Do You See What I See?

Reading to Learn
Allison Sanders


Rationale: It is very important for children to comprehend text as they read so they can eventually become expert readers.  Visualization is a very important tool that readers can use for comprehension.  If students are able to visualize what they are reading then they will be able to understand what is happening in the story.  Visualization can also help readers to become more excited and engaged in the book.  This lesson will help students to visualize what they are reading by creating their own mental images.  We will be practicing visualization today with different readings and strive to be better readers.




Stu’s Tune (class set of decodable books for each student)


“Driving to the Beach” (1 copy of poem per student)


White paper and crayons


Assessment checklist


Procedure: 1. “Good morning boys and girls, today we are going to learn how to visualize to help us with our reading.  Can anyone tell me what visualize means? Very good! Visualize means to see a picture in your head that is not really there.  I bet that everyone of you have visualized something before.  Maybe you visualized being at the beach or playing in the park?  Well how about we practice right now and I want everyone to close your eyes and think about going on a road trip as I tell you what I see.”


“As we started driving down the road, I saw colorful trees and lots of people shopping downtown.  As we continued down the road for awhile, I saw pastures and fields of cows and horses.  It was such a fun road trip and there were many cars as well on the road.”


I will give students time to visualize what they see.  “So now I want you to raise your hands and tell me what else you see on the roads.  Great job and thank you everyone for participating! What you all just did was called visualization.”


2. I will also review silent reading so the students can they relate their visualizations to the text that they are reading.  “By raising your hand, can anyone tell me what silent reading is? Great job! Silent reading is when we read quietly and silently to ourselves so we will not bother our friends and neighbors.  When we read silently to ourselves, we can also visualize pictures from the story.  This is what we call visualizing a story.”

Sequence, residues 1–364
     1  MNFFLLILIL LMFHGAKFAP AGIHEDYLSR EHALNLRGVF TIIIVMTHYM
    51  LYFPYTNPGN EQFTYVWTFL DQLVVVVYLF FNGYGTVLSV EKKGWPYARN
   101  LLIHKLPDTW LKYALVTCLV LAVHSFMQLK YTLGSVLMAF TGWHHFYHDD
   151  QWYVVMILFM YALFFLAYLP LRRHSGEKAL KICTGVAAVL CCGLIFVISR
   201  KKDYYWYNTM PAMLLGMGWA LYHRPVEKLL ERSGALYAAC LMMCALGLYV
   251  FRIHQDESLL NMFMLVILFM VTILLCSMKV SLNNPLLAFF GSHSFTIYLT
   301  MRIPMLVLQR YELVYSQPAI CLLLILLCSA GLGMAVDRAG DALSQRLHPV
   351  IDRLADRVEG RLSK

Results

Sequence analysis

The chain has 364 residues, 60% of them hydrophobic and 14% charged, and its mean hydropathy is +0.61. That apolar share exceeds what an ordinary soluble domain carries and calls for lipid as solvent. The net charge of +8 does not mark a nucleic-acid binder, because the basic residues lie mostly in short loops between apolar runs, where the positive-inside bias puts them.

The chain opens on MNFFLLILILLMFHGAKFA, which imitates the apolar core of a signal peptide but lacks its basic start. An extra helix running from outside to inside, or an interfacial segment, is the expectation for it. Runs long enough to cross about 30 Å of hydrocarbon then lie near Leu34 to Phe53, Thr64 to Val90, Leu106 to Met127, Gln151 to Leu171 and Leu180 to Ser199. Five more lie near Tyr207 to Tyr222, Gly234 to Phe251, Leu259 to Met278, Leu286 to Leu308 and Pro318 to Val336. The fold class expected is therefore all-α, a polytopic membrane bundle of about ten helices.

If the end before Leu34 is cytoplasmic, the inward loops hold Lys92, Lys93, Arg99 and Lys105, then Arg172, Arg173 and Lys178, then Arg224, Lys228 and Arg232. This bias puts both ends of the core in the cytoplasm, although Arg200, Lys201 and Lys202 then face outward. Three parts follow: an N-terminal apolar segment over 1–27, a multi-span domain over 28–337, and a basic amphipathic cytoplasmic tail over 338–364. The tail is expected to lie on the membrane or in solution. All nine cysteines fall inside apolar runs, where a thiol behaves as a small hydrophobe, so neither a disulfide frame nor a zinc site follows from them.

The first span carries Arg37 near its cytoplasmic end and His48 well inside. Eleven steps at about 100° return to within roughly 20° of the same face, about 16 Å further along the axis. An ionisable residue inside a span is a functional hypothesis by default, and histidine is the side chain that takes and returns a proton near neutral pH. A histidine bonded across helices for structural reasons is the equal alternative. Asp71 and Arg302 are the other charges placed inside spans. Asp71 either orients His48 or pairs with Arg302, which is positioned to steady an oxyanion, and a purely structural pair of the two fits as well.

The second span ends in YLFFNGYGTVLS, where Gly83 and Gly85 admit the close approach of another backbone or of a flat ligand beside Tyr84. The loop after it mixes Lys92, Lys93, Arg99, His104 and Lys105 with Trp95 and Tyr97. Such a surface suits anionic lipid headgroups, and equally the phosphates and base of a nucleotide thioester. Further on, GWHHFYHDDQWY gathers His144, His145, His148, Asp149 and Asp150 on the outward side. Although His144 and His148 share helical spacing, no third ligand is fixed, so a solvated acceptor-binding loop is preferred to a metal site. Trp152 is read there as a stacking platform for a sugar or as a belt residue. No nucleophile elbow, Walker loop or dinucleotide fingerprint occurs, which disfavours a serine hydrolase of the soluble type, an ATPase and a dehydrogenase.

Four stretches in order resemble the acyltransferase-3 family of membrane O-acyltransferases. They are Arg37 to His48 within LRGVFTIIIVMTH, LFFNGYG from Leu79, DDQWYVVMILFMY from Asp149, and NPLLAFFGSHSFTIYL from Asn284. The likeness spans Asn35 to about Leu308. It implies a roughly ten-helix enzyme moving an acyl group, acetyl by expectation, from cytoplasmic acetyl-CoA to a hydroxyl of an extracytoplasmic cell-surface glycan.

3. Give each student a copy of the poem “Driving to the Beach” by Joanna Cole.  “I want you to now read the poem silently to yourself.”  Give the students time to read the poem.  “Now I am going to read the poem to you and I want you to visualize what you see.  I want you take your crayons and the paper that I gave you and draw exactly what you can visualize.” Read the poem out loud to the students.  “Can anyone tell me what they visualized when they were in the car and then the beach?”  Allow time for sharing so each student can show the class what they drew. 


4. Give each student a copy of  Stu’s Tune and have them silently read to themselves and draw what they visualize.


Assessment: I will have each student come to the front of the classroom and share what they drew from the book.  I will assess them based on what the author wanted the reader to visualize and their ability to describe what they drew to the class.  Use checklist as well for assessment.




Prelutsky, Jack.  The Random House Book of Poetry for Children.  1983.  New York:

            Random House Inc.


Stu’s Tune.  1990.  United States: Educational Insights.
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